Objective: To evaluate the association of early-adulthood and mid-adulthood hypertension with dementia in men and women.
Methods: We evaluated 5,646 members of a diverse integrated health care delivery system who had clinical examinations and health survey data from 1964 to 1973 (mean age 32.7 years; early adulthood) and 1978–1985 (mean age 44.3 years; mid-adulthood) and were members as of January 1, 1996 (mean age 59.8 years). Hypertension categories based on measurements of blood pressure (BP) and change in hypertension categories between the 2 examinations (e.g., onset hypertension) were used to predict dementia incidence from January 1, 1996, to September 30, 2015. Cox proportional hazard models were adjusted for demographics, vascular comorbidities, and hypertension treatment; inverse probability weighting accounted for differential attrition between first BP measurement and start of follow-up.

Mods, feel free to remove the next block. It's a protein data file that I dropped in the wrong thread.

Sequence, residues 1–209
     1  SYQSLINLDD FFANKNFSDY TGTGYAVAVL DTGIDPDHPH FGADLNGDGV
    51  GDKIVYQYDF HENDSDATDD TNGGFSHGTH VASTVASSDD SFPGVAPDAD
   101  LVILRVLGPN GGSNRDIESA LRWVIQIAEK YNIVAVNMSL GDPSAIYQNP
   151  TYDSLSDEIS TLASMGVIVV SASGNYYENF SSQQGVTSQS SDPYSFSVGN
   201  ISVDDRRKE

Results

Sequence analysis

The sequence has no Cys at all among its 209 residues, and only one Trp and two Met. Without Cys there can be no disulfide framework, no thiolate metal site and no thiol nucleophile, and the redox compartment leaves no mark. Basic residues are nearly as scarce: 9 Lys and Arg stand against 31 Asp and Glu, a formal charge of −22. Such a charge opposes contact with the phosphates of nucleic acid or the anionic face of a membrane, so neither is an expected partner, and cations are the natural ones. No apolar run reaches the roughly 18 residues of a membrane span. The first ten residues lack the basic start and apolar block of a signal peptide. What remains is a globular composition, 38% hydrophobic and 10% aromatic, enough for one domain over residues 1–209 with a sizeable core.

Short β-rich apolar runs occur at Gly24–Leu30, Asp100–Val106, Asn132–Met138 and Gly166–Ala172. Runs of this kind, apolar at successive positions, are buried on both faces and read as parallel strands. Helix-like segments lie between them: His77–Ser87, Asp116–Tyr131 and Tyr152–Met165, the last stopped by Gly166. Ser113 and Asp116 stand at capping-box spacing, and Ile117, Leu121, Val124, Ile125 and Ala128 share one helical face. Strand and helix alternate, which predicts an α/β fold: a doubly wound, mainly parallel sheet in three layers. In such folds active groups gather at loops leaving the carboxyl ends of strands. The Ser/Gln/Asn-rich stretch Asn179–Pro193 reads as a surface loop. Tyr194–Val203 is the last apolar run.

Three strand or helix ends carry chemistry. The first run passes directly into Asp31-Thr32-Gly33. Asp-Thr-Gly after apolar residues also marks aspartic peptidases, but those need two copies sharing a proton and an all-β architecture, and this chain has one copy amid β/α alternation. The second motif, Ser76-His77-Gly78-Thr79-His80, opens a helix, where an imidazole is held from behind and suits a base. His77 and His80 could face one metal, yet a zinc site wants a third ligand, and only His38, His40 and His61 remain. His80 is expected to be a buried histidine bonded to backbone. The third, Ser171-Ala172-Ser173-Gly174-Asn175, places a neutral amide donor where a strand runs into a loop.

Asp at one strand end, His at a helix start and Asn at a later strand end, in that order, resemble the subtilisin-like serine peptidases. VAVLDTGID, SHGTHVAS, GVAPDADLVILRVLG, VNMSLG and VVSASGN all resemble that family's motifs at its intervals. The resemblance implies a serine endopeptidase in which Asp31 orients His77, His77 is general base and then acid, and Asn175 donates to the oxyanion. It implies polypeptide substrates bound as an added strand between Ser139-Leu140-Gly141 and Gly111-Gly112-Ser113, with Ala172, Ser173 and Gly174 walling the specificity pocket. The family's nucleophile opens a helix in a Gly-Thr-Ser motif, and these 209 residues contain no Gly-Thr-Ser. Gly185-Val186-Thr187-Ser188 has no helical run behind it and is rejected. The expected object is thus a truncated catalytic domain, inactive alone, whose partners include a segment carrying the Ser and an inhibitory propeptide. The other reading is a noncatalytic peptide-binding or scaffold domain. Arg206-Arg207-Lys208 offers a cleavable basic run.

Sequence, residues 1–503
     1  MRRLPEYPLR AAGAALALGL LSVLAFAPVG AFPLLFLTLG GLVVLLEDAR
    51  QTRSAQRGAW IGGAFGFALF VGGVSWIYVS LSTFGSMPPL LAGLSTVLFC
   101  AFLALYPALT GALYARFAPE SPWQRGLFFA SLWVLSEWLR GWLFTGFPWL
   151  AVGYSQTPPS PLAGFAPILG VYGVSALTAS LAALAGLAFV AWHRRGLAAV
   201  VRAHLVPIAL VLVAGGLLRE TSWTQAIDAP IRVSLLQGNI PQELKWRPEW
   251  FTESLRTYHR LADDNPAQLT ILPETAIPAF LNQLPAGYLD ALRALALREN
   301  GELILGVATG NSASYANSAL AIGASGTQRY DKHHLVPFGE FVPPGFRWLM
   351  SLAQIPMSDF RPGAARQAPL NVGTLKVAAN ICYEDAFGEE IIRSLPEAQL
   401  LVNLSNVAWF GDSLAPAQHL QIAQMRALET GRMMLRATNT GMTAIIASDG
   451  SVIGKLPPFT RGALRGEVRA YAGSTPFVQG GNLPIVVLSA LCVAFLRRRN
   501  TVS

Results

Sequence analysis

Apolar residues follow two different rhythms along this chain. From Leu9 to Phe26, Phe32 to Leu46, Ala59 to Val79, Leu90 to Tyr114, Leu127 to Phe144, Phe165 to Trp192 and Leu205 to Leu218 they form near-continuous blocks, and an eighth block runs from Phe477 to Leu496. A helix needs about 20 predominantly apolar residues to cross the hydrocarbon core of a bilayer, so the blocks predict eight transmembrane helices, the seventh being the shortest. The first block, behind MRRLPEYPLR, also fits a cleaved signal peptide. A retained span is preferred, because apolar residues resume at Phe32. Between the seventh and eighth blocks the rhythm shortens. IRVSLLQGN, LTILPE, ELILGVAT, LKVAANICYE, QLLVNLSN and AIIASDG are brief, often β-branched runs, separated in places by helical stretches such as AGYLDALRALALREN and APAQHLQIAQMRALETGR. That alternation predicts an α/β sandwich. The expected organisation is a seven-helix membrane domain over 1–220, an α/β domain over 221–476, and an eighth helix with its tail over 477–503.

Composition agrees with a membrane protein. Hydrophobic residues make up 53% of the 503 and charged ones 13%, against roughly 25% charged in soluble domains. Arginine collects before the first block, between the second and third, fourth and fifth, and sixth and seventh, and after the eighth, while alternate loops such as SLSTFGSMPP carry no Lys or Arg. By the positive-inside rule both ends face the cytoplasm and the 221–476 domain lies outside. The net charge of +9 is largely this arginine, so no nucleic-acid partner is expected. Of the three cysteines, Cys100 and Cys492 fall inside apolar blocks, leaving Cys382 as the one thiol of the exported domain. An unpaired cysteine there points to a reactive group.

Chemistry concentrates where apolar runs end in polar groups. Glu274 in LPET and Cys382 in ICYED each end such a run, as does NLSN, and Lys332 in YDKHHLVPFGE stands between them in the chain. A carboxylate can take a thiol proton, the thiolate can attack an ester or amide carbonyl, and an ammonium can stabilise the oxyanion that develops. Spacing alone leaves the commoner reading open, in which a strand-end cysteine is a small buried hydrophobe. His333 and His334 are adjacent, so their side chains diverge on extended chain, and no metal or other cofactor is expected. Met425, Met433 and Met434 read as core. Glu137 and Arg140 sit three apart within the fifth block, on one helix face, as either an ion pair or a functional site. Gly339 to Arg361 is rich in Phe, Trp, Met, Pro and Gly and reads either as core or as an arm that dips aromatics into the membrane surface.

Results: A total of 532 individuals (9.4%) were diagnosed with dementia. Early adulthood hypertension was not associated with dementia, though effect estimates were elevated among women. Mid-adulthood hypertension was associated with 65% (95% confidence interval [CI] 1.25–2.18) increased dementia risk among women but not men. Onset of hypertension in mid-adulthood predicted 73% higher dementia risk in women (95% CI 1.24–2.40) compared to stable normotensive. There was no evidence that hypertension or changes in hypertension increased dementia risk among men.
Conclusions: Though midlife hypertension was more common in men, it was only associated with dementia risk in women. Sex differences in the timing of dementia risk factors have important implications for brain health and hypertension management.